Listening and the L2 mental lexicon: similarity neighbourhoods for Cantonese-speaking learners of English

 

Richard Pemberton

Hong Kong University of Science & Technology

Introduction

In previous studies, I have found that adult Cantonese-speakers at Intermediate levels of English are only able to recognise about two in every three content words from Level 1 vocabulary (the 1,000 most common words of English) when listening to a BBC news recording. This has been true when the tape has been played at the original speed (close to 200 wpm) and delivered at a slower speed (close to 150 wpm).

Words at this level of vocabulary are mostly monosyllables and can often only be uniquely identified after word offset. The words are also likely to be stored in dense esimilarity neighbourhoodsf in the lexicon – i.e. alongside similar-sounding words. These phonological neighbours are also likely to be frequent. Luce and colleagues (e.g. Luce et al. 1990; Luce & Pisoni 1998), in proposing the Neighbourhood Activation Model of spoken word recognition, have shown that English L1 listeners process words with many neighbours more slowly than they do words with few neighbours.

  This study aimed to:

bullet

investigate the effect of phonological neighbourhoods on the ability of L2 listeners to recognise spoken words (in isolation)

bullet

trial ways of gathering insights into the L2 mental lexicon

Method

Case study investigation of:

4 learners at Intermediate level

1 learner at Upper Intermediate level

2 learners at Advanced level

3 native speakers

 

Procedure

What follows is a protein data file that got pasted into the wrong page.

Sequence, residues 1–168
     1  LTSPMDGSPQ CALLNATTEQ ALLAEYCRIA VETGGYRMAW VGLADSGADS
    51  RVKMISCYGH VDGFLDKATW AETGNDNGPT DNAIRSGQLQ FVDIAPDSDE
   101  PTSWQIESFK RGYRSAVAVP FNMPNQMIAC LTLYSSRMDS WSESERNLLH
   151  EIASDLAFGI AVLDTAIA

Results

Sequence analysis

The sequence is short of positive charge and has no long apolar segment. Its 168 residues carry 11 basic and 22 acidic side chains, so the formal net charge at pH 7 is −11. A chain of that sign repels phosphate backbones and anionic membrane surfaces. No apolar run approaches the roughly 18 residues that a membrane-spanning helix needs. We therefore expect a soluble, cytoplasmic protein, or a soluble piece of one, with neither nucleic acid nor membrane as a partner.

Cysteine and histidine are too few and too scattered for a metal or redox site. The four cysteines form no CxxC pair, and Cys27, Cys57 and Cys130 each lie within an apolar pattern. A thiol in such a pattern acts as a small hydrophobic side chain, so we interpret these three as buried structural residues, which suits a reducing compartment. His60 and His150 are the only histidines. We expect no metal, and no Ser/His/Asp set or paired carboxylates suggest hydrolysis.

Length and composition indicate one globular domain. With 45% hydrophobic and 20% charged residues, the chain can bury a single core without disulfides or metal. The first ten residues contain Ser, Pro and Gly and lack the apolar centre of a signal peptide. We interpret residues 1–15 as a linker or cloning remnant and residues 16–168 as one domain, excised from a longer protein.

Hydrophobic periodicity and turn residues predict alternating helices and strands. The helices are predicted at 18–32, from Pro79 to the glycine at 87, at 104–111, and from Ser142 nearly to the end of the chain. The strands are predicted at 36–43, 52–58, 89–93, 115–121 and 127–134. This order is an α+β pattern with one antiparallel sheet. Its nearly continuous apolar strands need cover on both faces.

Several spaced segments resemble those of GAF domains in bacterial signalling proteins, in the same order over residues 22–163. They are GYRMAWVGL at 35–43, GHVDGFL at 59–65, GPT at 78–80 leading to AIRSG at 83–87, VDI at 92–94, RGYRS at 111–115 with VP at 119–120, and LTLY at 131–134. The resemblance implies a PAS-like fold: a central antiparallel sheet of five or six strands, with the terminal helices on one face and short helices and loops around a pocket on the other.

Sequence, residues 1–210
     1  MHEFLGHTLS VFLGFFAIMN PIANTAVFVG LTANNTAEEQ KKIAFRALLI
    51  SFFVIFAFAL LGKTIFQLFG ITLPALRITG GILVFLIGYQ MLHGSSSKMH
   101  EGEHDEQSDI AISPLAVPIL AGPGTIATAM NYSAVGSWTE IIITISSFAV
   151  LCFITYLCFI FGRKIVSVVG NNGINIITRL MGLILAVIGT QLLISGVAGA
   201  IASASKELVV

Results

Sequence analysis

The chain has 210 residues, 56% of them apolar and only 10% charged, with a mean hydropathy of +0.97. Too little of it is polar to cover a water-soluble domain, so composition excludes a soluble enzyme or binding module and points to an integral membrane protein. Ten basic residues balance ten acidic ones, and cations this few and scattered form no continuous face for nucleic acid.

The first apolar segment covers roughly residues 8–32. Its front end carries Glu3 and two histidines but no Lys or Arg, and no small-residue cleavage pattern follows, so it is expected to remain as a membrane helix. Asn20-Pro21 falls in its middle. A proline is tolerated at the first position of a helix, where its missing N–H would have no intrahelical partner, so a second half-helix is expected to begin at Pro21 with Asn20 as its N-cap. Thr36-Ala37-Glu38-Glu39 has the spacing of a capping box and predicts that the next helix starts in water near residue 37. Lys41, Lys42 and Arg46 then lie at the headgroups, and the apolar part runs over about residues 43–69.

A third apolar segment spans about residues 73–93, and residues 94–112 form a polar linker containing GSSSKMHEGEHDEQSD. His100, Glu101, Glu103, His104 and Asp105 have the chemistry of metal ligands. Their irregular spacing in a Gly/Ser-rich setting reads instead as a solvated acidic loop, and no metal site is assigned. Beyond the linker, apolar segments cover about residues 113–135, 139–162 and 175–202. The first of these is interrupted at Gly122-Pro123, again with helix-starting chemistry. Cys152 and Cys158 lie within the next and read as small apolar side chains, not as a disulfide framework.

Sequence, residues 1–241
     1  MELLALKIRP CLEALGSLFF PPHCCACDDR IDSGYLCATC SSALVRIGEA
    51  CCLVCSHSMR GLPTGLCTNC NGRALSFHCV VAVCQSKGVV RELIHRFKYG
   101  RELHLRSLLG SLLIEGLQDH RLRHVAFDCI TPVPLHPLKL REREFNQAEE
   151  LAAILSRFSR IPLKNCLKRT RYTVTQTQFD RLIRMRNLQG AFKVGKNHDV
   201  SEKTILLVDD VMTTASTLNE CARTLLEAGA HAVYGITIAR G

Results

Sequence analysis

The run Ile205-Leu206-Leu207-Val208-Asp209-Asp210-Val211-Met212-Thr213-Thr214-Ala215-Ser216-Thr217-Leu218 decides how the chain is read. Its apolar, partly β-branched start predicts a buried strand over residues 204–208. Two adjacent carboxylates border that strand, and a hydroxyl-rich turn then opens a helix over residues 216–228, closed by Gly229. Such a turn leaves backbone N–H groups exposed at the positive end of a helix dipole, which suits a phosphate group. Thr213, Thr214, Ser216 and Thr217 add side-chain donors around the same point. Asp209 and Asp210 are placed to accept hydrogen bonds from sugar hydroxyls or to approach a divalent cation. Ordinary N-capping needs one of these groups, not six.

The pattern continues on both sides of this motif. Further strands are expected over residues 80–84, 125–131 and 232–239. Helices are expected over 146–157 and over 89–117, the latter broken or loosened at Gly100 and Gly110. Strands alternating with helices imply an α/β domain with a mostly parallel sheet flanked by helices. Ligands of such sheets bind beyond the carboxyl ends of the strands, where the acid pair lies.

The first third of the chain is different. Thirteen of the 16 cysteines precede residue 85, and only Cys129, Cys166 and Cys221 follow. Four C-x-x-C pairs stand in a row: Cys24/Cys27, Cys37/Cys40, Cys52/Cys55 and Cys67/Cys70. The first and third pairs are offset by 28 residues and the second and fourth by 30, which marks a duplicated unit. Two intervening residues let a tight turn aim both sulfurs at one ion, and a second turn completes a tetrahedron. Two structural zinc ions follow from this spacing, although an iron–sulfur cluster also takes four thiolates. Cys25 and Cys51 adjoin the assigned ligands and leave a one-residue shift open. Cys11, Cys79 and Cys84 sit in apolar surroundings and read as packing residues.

10K/Levels Tests

Spoken Word Recognition Test (target items: ePlosive-Vowel-Plosivef (PVP) monosyllables)

Spoken Word Association Test

Story-retelling

Spoken Associate Pairs Yes/No Reaction Test

Transcription of (simulated) news item

Follow-up questions after each test

 

Results

Table 1: % ePVPf word recognition rates in the Spoken Word Recognition Test (n = 50)

S1

S2

S3

S4

S5

S6

S7

NS1

NS2

NS3

56

76

68

68

76

90

90

100

100

100

Table 2: False alarm rate in the Spoken Word Recognition Test as a % of the number of ePVPf pseudowords (n = 25)

S1

S2

S3

S4

S5

S6

S7

NS1

NS2

NS3

72

44

60

64

80

72

48

0

4

0

  Table 3: Recognition rates for words with the highest neighbourhood density

Word

No. of neighbours

Recognition rate (%)

fight

8

86

boat

7

100

back

6

100

fade

6

43

  Table 4: Neighbourhood density of words with the lowest recognition rates

Target word

Recognition rate (%)

No. of phonological neighbours

No. of Ss not recognising

Most often identified as c

(no. of times)

bag

21

3

6

back (10)

dug

24

2

7

duck (12)

poured

25

3

6

port (4)

cared

38

2

5

cat (5)

toured

43

2

7

taught (4)

fade

43

6

4

fate (2)

debt

43

4

4

death/d (4)

dealt

43

1

4

doubt (3)

Discussion

·    Unexpectedly low recognition rates for isolated ePVPf words

·    Unexpectedly high false alarm rate for ePVPf pseudowords

·    Likely fuzzy specification in lexicon of Cantonese-speakers for plosives at end of words, where 2/3 of misidentifications occur

   However

·    Initial misidentifications often corrected in connected speech

·    Recognition rates for non-plosives much higher

Conclusions

·    ePhonetic featuref rather than ephonemef difference a more useful criterion for phonological neighbourhood for Intermediate L2 learners

·    Dense phonological neighbourhoods may not be problematic for L2 learners

·    Implications for lexicons of Cantonese-speakers: words may be loosely specified for final consonant; voicing of final consonant likely to be eopenf; competing candidates likely to be prioritised according to frequency/familiarity

·    Further testing of recognition of frequent monosyllables required, comparing recognition rates for plosive/non-plosive final consonants, low/high frequency neighbours, words from dense/sparse neighbourhoods

References

Luce, P.A., Pisoni, D.B. & Goldinger, S.D. (1990) eSimilarity neighbourhoods of spoken words.f In Altmann, G.T.M. (ed.) Cognitive Models of Speech Processing, pp. 122-147. Cambridge, MA: MIT Press.

Luce, P.A. & Pisoni, D.B. (1998) eRecognizing spoken words: the neighbourhood activation model.f Ear & Hearing 19: 1-36.